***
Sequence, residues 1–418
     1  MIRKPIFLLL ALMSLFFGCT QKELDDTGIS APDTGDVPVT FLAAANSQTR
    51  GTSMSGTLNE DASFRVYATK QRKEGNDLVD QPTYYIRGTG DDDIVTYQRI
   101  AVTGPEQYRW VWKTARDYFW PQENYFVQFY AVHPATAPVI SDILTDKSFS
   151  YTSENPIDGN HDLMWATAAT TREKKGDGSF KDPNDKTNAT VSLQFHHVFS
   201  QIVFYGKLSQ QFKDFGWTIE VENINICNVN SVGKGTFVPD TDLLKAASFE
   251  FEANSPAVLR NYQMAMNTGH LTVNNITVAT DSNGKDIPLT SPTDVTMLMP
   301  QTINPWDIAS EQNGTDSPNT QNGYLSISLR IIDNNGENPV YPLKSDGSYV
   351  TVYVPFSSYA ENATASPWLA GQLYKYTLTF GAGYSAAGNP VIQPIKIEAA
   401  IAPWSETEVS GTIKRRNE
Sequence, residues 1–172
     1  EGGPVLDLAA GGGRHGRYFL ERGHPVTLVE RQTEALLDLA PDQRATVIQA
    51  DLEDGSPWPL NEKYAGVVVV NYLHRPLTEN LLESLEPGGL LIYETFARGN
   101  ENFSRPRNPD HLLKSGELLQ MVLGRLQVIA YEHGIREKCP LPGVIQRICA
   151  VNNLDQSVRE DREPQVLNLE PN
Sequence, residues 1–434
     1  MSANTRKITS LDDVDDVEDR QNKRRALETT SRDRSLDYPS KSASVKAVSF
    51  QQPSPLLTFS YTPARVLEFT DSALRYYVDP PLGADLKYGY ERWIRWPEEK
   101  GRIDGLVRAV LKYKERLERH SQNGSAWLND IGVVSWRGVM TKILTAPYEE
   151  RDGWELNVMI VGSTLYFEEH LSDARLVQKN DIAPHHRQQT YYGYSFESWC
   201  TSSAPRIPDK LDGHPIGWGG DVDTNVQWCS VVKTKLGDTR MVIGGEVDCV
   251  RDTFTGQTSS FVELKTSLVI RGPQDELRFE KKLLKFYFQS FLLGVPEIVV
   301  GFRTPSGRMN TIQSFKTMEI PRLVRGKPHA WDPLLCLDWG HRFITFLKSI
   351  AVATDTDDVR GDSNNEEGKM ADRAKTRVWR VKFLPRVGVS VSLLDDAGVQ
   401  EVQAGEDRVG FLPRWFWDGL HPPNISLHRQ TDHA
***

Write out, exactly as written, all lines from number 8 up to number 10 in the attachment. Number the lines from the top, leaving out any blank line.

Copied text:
   301  QTINPWDIAS EQNGTDSPNT QNGYLSISLR IIDNNGENPV YPLKSDGSYV
   351  TVYVPFSSYA ENATASPWLA GQLYKYTLTF GAGYSAAGNP VIQPIKIEAA
   401  IAPWSETEVS GTIKRRNE